Hear This: Understand and Limiting Hearing Loss

Listen up. This is one of those good news/bad news stories. First, the bad news. No matter how hard you try, there isn’t much you can do to prevent hearing loss. Age-related hearing loss affects approximately one-third of all people aged sixty-five and older. Age-related hearing loss is due to the changes that occur in the body as we grow older. Circulatory disorders, for example, which limit the flow of blood throughout the body, as well as to the brain and auditory system, are common in later years.

There are any number of reasons why circulation slows down as we grow older, among them heart disease, hardening of the arteries, diabetes, and sedentary lifestyles. And there are a number of lifestyle and work-related activities that aggravate hearing loss. However, this actually is the good news part:  You can do something to help prevent or limit unnecessary and premature hearing loss.

Nature will run its course

Over a lifetime, both the external ear and the inner ear experience changes. In the external ear, the ear canal narrows, which can cause an easily remedied buildup of earwax that can temporarily impair hearing. The most common age-related hearing loss, however, occurs from changes in the inner ear. At birth, people have about 15,000 sensory “hair” cell receptors lining the cochlea, the spiral-shaped cavity of the inner ear that contains nerve endings essential for hearing. As people age, these sensory cell receptors degenerate or are damaged, causing a form of hearing loss called sensorineural.

Some people lose up to half these cells. This type of loss (also called nerve deafness) can be caused by infections, hereditary problems, trauma and benign tumors, but it is most often a result of aging. The loss usually begins in middle age, occurs in both ears simultaneously, and progresses slowly, beginning with high-frequency sounds such as speech, and slowly stealing the ability to distinguish between sounds.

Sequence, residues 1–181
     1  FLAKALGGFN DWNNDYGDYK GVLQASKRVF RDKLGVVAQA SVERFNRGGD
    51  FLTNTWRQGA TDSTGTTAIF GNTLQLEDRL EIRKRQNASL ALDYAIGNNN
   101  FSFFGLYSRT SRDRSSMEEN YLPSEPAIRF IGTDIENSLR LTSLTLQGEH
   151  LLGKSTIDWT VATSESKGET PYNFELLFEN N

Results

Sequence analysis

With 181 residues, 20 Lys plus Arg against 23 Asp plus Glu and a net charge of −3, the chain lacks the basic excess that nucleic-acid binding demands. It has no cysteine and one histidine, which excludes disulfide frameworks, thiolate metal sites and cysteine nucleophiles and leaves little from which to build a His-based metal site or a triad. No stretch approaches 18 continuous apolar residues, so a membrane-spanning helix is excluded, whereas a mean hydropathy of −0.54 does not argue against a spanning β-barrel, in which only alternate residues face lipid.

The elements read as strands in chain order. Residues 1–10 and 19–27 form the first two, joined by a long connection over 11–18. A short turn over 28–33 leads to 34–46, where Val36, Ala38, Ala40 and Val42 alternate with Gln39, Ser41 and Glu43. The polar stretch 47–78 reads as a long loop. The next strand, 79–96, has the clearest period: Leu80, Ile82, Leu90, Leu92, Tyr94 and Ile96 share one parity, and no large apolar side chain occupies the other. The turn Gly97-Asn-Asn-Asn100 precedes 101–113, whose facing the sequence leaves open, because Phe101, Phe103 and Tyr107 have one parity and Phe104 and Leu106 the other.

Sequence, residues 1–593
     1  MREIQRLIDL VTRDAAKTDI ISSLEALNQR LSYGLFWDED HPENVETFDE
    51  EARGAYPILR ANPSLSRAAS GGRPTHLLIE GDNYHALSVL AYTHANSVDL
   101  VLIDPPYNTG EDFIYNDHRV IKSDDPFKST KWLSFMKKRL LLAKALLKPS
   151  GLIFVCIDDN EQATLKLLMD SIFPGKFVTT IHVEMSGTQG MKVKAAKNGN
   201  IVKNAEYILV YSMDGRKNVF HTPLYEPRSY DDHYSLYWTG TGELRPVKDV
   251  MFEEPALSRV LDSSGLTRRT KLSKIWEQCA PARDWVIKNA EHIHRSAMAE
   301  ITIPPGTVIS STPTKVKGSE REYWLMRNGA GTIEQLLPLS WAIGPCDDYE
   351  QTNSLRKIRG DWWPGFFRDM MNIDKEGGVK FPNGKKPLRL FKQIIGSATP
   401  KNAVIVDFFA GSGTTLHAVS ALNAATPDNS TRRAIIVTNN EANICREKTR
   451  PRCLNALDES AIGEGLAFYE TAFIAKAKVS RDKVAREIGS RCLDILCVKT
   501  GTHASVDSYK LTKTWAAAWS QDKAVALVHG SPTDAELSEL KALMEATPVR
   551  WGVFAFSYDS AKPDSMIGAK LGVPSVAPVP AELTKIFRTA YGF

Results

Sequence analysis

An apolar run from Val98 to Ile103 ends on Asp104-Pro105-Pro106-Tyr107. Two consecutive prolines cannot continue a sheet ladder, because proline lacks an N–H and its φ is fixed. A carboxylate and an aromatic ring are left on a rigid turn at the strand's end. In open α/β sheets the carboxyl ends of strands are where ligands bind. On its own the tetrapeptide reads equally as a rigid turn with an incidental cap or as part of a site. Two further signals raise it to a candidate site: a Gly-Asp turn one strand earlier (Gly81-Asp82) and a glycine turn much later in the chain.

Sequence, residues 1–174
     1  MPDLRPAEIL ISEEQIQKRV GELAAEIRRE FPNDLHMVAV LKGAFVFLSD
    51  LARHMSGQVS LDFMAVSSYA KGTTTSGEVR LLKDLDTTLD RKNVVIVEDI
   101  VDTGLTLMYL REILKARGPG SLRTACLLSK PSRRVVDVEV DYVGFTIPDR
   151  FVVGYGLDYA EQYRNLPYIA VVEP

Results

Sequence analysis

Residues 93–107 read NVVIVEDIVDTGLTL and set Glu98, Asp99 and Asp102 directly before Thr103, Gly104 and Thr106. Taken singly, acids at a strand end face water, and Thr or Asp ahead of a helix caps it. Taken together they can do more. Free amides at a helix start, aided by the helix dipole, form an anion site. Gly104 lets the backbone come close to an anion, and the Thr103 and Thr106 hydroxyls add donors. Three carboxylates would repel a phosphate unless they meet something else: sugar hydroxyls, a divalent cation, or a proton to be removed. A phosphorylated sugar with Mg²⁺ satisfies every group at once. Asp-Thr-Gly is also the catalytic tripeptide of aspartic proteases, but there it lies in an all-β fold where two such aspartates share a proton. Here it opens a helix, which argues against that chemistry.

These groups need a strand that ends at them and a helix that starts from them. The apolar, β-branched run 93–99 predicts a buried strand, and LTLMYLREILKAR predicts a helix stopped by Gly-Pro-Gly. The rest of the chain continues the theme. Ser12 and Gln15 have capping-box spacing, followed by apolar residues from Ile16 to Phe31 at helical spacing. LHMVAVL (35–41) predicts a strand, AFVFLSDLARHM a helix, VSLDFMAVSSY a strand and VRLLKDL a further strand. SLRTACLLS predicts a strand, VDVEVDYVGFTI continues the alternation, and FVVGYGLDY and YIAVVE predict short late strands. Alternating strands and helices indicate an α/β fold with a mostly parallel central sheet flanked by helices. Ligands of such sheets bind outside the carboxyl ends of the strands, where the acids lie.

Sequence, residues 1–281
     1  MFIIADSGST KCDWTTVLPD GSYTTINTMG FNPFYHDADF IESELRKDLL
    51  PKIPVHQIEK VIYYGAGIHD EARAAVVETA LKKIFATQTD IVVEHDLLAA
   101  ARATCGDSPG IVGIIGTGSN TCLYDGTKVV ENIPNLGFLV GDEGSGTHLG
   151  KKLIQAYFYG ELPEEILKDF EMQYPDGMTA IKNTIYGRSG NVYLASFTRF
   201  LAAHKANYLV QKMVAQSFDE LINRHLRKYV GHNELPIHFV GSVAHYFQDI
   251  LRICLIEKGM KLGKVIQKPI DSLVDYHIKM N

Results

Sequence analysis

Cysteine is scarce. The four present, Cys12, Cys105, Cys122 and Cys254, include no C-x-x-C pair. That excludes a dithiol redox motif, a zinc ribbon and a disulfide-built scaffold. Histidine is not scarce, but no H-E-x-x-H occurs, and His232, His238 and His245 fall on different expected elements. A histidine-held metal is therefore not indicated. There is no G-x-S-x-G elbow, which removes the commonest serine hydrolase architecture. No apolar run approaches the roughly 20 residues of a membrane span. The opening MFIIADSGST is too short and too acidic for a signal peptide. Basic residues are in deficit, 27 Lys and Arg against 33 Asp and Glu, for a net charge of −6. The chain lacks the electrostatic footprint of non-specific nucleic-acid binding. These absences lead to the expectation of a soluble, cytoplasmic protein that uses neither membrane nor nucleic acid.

For the aging baby-boom generation, research shows exposure to loud music may be exacerbating the age-related hearing loss. Experts have known for many years that exposure to too much loud noise produces hearing loss. This condition, known as noise-induced hearing loss, affects construction workers, farmers, musicians, airport workers and people in the armed forces, among others. Sometimes repeated exposure to loud noise causes a ringing, hissing or roaring sound in the ears, called tinnitus. Loud music, personal music technology (phones, MP3 players, etc.) and other prolonged or cumulative noise exposure has shifted causes of hearing loss from war and heavy industry to recreation.

Take steps to reduce hearing loss

Noise-induced hearing loss is the only type of hearing loss that is completely preventable. Clinicians note several ways to protect and preserve hearing. First and foremost, wear protection in loud situations. The general rule is that if it’s too loud to carry on a conversation without raising your voice, then it’s too loud for your ears. Experts recommend wearing ear protection when using power lawn mowers, listening to live music or firing guns.

In addition, good nutrition and vitamins can help. Niacin, for example, causes vasodilatation, a widening of the arteries, and that helps circulation, as does exercise. It’s important to maintain good blood circulation to protect the hair cells. Limiting caffeine and nicotine intake also can protect hearing and reduce tinnitus.

More good news is that technologic advances are improving options for those with age-related hearing loss. A decade ago, hearing aids did little to help with the earliest stages of sensorineural hearing loss. However, changes and advances over the past several years have allowed many patients with age-related hearing loss to benefit greatly from new hearing aid technology. With the advent of micro-circuitry, hearing aids are now being designed with computer chips that allow multiple programs to be placed in a single hearing aid. These “programmable” hearing aids can be customized to give an individual the best response. The various programs allow the user to select a specific setting for different listening situations, from a quiet conversation to a noisy meeting place.

These and other advances in the auditory sciences will benefit all of us, eventually. But we can start by taking charge of our hearing health now.

Be sure to check out the CBIA Healthy Connections wellness program at your company’s next renewal. Employees in this program have access to tools and information that can help improve their overall physical and mental well-being. The program is free to both you and your employees as part of your participation in CBIA Health Connections!